Ever wonder what God might have to say to YOU today? Here are things to ponder, and things to receive into your heart. If you have a question, put it in the comments. I respond as much as I can.

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Friday, July 24, 2015

"He went out, not knowing where he was going."

The quote above is from Hebrews 11:8, and it's about Abram (later Abraham); Abram was called by God to go to a distant land (600 miles or so away)--to move his household, his fortunes, his entire life to a place he did not know.
The unknown country is probably the scariest thing we face.  Waiting for the test results from your doctor. Waiting for the exam results. Waiting for approval of your dissertation. Waiting for the results of an oral exam. Waiting for the results of a trial.
Sometimes the fear is so great you can all but cut it with a knife.  So what makes it possible to "go to the unknown country," taking each step in order, and minimize your fears?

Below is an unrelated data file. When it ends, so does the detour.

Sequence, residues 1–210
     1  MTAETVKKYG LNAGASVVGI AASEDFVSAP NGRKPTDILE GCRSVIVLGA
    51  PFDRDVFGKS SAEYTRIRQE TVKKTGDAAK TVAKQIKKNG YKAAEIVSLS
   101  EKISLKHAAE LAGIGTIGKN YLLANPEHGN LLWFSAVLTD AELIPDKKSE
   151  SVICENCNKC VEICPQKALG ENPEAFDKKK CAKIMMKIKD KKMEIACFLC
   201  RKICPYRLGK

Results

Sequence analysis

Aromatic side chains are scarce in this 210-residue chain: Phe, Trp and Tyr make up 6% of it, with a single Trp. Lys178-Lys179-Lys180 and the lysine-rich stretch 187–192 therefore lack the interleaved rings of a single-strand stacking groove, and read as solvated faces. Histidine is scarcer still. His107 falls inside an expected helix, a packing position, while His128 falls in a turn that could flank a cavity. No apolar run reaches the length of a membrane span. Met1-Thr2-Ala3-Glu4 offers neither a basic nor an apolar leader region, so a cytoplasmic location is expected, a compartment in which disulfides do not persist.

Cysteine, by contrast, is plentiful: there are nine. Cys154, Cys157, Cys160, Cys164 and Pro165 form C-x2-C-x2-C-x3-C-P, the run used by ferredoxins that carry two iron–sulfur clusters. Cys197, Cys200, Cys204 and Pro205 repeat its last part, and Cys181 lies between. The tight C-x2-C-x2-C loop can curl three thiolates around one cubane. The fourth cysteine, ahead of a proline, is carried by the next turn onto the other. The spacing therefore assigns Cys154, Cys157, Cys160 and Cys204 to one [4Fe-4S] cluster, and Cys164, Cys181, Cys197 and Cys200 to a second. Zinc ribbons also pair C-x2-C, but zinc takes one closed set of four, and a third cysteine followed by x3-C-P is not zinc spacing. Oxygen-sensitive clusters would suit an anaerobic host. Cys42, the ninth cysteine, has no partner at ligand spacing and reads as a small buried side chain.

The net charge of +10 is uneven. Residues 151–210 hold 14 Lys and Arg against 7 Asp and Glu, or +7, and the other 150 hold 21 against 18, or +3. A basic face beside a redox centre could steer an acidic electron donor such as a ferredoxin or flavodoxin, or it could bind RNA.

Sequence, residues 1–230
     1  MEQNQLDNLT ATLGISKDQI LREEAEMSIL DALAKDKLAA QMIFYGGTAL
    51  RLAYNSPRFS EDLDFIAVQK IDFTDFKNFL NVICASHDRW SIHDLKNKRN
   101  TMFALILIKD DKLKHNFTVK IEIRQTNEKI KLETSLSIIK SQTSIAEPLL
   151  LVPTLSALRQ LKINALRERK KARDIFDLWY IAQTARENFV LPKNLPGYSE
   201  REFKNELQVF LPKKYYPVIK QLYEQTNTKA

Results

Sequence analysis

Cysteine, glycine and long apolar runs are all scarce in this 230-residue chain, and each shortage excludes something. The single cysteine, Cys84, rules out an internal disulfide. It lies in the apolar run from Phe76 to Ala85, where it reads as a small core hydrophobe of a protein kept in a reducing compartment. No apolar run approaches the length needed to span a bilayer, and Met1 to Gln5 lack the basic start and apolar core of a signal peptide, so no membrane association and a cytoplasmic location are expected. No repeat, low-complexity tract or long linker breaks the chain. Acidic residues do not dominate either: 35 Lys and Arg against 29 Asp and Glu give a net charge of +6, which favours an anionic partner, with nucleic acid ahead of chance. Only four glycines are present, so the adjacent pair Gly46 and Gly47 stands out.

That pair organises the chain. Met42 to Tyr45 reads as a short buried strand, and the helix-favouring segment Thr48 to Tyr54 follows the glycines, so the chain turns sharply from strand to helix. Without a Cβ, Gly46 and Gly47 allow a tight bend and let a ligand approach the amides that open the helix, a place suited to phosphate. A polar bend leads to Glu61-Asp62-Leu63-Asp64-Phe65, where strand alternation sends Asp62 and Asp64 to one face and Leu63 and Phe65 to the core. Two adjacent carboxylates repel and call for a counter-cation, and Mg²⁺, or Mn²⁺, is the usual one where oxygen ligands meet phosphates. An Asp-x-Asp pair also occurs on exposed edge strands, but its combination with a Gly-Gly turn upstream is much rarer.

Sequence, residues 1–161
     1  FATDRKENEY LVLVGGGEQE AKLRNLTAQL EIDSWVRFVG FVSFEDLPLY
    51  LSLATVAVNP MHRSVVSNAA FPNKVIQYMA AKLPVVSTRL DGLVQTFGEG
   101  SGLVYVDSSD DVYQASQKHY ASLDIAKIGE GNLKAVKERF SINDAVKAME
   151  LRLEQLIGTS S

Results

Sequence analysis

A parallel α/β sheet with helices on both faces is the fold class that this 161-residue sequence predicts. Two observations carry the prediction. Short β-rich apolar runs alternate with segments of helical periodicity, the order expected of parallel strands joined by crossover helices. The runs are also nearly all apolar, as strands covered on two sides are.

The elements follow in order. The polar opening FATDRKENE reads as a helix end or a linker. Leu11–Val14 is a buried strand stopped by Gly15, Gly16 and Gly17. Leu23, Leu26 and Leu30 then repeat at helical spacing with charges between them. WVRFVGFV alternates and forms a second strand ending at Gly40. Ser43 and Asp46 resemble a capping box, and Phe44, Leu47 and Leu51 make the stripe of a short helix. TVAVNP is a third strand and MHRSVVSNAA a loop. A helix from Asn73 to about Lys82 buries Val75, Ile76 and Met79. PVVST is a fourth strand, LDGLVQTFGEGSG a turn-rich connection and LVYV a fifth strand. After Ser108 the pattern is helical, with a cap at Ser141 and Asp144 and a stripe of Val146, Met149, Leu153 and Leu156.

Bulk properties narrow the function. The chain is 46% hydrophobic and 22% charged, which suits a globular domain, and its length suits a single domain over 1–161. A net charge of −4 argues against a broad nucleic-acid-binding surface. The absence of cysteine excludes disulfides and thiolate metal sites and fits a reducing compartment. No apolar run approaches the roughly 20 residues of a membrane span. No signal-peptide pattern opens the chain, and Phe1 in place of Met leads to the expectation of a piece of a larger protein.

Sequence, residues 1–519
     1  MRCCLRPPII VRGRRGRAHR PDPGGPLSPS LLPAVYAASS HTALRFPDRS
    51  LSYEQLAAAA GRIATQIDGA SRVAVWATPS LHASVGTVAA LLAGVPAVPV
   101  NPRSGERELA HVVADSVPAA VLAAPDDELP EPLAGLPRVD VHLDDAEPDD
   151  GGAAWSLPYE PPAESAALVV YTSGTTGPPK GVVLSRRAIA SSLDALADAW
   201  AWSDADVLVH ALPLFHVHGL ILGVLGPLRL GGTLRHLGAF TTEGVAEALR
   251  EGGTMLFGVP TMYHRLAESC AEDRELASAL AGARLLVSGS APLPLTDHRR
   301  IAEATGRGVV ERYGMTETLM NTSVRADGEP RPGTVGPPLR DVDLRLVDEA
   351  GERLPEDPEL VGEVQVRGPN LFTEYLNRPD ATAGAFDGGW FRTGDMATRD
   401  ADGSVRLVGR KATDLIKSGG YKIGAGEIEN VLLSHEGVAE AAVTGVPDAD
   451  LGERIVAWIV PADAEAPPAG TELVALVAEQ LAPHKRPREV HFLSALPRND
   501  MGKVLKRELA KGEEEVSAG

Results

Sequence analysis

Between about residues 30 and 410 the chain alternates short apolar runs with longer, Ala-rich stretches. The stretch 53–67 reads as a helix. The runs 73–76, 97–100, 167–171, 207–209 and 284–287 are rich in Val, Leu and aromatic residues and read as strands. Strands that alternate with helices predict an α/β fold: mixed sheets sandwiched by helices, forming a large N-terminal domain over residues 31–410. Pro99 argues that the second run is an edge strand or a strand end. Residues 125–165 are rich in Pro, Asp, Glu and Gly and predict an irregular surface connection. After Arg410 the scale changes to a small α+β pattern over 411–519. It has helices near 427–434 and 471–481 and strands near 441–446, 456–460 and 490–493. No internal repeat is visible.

1. Take action.  This is perhaps the greatest thing.  Abram didn't wait (I doubt waiting was even in his nature--see Genesis 22, where it says "He arose early..."), didn't procrastinate.  He got things ready, and moved on. Sometimes you cannot take action.  You have to wait, because waiting is what's called for, but you can still move. Paralysis (as I've found) doesn't contribute to your life, especially if it's linked to some problem you're facing. So instead of waiting, sitting in your room and worrying, do something. Anything.  Action often drains us of fear, and makes us able to cope with what is happening, even if it has no relation to the issues at hand. Sometimes you need to go camping. Or to take a hike. Or go ride your bike. Or have a nice dinner. Anything that moves you away from focusing only on the one thing you fear.
  2. Focus on the future.  This is also of great importance.  In Hebrews 11:10, we read the following:  10 for he was looking for the city which has foundations, whose architect and builder is God.  There was no "city of God" in the Canaan of Abram's day--it was in the far future--but that's where Abram's focus was.  In the future. Many times the present is pretty bad. We fail the exam.  We're permanently injured at work. The doctor's tests on our child give us no hope. And so on. The key thing to remember is that the future that's yours is in the "city of God (the real one)," not tomorrow or the next day.  It's where God makes things right, and "wipes away every tear," and we live with Him forever.
Remember that "weeping may endure for a night, but joy comes in the morning"--and morning always comes.

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